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The 1934 World’s Fair in Technicolor

The Columbian Exposition’s slept-on sequel disappeared as quickly as it arrived (except for the tribute to fascism), depriving the city of a more colorful alternate architectural history.

The White City of the Columbian Exposition left a tremendous legacy in Chicago, from its litany of inventions, to the nation’s own Jack the Ripper, to the White City’s architectural legacy in our somber city. Less historically beloved is the 1933-1934 World’s Fair, even if it did feature a couple crackerjack inventions (the electric stovetop! wireless speakers! Miracle Whip!); the world is even coming around on the fair’s spectacular Sky Ride, in the form of gondolas as public transportation.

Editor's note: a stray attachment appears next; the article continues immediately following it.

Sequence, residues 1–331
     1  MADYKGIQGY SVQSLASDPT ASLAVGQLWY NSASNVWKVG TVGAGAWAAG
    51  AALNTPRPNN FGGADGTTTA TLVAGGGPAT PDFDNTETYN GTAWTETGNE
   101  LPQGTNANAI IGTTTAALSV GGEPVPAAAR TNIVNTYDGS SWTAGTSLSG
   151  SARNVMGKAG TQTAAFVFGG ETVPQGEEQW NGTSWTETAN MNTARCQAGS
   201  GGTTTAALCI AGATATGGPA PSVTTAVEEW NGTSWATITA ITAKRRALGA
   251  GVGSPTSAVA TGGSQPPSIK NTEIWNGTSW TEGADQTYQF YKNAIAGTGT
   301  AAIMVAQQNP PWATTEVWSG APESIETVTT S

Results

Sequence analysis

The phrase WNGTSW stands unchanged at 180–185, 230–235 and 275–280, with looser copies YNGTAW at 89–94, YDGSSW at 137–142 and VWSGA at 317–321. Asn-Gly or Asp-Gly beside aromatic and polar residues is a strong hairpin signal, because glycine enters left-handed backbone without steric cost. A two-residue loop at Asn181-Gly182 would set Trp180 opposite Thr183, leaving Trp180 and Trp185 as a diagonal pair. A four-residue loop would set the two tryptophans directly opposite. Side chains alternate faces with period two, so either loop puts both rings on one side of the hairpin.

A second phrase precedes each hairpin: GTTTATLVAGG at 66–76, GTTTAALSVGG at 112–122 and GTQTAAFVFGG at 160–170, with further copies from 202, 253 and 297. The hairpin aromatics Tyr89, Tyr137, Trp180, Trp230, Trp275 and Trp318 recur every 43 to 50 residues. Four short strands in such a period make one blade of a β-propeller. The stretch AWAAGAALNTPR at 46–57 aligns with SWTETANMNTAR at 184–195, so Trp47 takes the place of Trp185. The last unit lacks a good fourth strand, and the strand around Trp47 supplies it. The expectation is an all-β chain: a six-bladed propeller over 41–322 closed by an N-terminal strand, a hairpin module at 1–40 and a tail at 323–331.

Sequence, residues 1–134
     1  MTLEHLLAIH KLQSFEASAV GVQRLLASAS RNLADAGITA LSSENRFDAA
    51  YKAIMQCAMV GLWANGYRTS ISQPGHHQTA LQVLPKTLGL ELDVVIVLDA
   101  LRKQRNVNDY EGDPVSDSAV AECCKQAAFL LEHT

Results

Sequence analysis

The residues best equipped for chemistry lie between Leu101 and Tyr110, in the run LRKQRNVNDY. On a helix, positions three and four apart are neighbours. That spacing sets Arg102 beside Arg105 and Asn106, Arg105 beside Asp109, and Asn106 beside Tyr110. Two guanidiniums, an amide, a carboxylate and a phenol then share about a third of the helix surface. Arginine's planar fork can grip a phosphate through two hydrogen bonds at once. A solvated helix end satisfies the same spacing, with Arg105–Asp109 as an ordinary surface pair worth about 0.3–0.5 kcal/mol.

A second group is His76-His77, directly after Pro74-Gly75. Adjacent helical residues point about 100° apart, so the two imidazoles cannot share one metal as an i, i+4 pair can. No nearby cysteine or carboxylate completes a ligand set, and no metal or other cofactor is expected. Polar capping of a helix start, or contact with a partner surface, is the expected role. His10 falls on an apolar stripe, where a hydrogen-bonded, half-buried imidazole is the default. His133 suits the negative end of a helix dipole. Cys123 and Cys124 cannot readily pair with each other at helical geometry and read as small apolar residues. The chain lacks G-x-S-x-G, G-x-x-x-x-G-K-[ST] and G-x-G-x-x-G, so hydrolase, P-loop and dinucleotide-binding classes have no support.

Nonetheless, the ‘34 fair was quickly dissembled and was gone as soon as it came—Balbo’s column is the last remaining structure, and that’s, um, a gift from Mussolini in tribute to a fascist. It’s kind of a shame, really: had the World’s Fair left the same footprint as the Columbian Exposition, the city might look quite different today. The Rainbow City was designed in contrast to the White City, meant to lift the spirits of a Depression-ridden nation, and some of the architecture was quite spectacular, as Chicago decked its lake shore out like Vegas. This technicolor marvel was captured in the then-new three-strip Technicolor process, the technological marvel that was first used shortly before the fair on Walt Disney’s Flowers and Trees Silly Symphony. It’s fun to imagine an alternate Chicago that embraced the Rainbow City in its civic architecture, though I imagine it would look something like Ricardo Legorreta’s University of Chicago dorm.

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